Our member Ruth Micallef hopes that by opening up about his bulimia, Ashes hero Andrew Flintoff will give other people “permission” to seek help for their eating disorders.
Former England cricket captain Flintoff discussed his bulimia in the BBC documentary Freddie Flintoff: Living With Bulimia, which was broadcast on Monday evening (28 September).
Ruth said: “Imagine a line of dominoes. After the first falls, the next finds the momentum to do the same in its own way.
“We’re much the same. Stories like Andrew Flintoff's give others the permission they often feel they need to take the next steps to finding support.
“Andrew’s story feels particularly poignant as, though men make up at least 25% of all eating disorders, many professionals report they arrive less frequently through our doors.
“I can only hope his story will be the domino they need to allow themselves the compassion or permission they were seeking to move forward.”
Flintoff was a member of the England team that won the iconic 2005 Ashes series. He now hosts Top Gear and is a captain on the comedy panel show A League Of Their Own.
How do eating disorders develop?
He said that how the media scrutinised his weight in the early days of his cricket career played a part in him developing the condition.
Ruth, who is based in Edinburgh, said that eating disorders “aren’t really about food” and “don’t discriminate”.
“The pathway to an eating disorder varies from person to person but generally has themes in these key areas; our temperament and traits, the culture we live in, our childhood experiences, genetics and epigenetics, our bodies and how we feel within them, and our traumas,” she said.
“Part of the mystery that shrouds eating disorders is the fact they’re incredibly broad, and many hard to define with a standardised label.
What is bulimia?
“Bulimia nervosa in practice is when one binges a quantity of food, then compensates – sometimes called purging – by making themselves sick, using laxatives, by fasting and restricting, or by excessive exercise.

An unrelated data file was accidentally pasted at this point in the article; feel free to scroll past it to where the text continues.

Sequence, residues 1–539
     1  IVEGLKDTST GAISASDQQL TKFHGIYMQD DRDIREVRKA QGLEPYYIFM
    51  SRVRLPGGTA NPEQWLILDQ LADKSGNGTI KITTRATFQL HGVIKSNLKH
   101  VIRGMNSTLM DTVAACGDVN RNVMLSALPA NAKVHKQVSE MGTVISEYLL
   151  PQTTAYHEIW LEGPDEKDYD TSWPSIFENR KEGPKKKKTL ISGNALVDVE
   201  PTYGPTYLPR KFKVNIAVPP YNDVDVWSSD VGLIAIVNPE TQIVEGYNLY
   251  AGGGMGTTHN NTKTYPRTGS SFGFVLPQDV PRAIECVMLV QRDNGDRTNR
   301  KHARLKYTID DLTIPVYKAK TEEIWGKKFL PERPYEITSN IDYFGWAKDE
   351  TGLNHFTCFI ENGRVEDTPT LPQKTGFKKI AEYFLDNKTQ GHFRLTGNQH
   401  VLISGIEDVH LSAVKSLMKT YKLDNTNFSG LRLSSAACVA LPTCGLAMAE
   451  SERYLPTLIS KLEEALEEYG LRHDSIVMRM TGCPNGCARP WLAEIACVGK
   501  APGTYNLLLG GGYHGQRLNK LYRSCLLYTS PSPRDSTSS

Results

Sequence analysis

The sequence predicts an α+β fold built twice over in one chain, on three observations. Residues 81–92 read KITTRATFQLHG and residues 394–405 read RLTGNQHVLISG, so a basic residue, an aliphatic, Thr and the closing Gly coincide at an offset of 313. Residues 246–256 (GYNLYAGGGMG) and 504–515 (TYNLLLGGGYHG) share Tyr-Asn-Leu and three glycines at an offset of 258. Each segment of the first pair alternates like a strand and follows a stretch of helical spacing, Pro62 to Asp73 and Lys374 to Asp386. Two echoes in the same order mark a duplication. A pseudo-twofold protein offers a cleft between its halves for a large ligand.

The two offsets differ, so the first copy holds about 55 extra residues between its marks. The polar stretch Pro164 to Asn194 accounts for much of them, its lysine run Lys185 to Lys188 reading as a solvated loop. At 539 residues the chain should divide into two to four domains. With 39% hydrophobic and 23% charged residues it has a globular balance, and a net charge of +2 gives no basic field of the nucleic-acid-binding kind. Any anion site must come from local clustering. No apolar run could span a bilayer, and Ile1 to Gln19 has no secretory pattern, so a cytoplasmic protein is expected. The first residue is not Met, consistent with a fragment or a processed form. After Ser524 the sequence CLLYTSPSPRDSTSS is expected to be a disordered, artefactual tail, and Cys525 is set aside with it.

“But behind that clinical description is something much deeper. My clients have described this cycle in several ways; routine, punishment, reward, cathartic, and releasing to name a few.
“Some clients seek the fullness binging brings, how it allows an endorphin rush, or temporarily fills a void they feel – the compensatory behaviours are a way to emotionally and physically cope with the binge itself.
“For others, it's the compensatory behaviours that are the goal, the feelings they get directly after the purge – the feeling of release or emptiness.
“Though its impacts may not be seen initially, the long-term repercussions of unsupported bulimia nervosa are significant and detrimental.
“Eating disorders can dominate one's life completely, and unlike the relatively small proportion of those who develop anorexia – roughly only 9% of cases – and its telling physical signs, bulimia in someone you know or love can be much harder to spot.”
How do I recognise an eating disorder?
Ruth said a measure of recognising an eating disorder was by asking “does food control or dominate my life?”.
“When I struggled with body dysmorphia and orthorexia throughout my teens and into my early twenties, I was the ‘picture of health’ to our body-obsessed society,” she said.
“But the reality was significantly different. I was struggling every day with unprocessed trauma, significant unmet childhood needs, stress, anxiety, and a clouded vision of how I truly looked.
“It wasn't until I felt safe enough with a trusted professional and allowed them to look under the shiny veneer that my truly damaging eating disorder finally came to light.”
Where can I get support?
Ruth’s advice for anyone who recognises they have an eating disorder is to show themselves “compassion”.
“A great place to start reading up a little on what you may be experiencing, and to find support is the Beat website."
She added: “I remind anyone struggling as Andrew has done throughout his life, you’re not bad, wrong, or defective. All eating disorders are a way of coping, and you’re completely worthy of support and compassion.”
To find a counsellor who can help you with an eating disorder, visit our therapist directory.
What are eating disorders? How do you know if you, or a loved one, have an eating disorder. BACP member Susie Pinchin explains how counselling can help if you have problems with food or abnormal eating habits.
How to find a therapist
How to use the BACP Register and our online therapist directory to find the right counsellor or psychotherapist for you.
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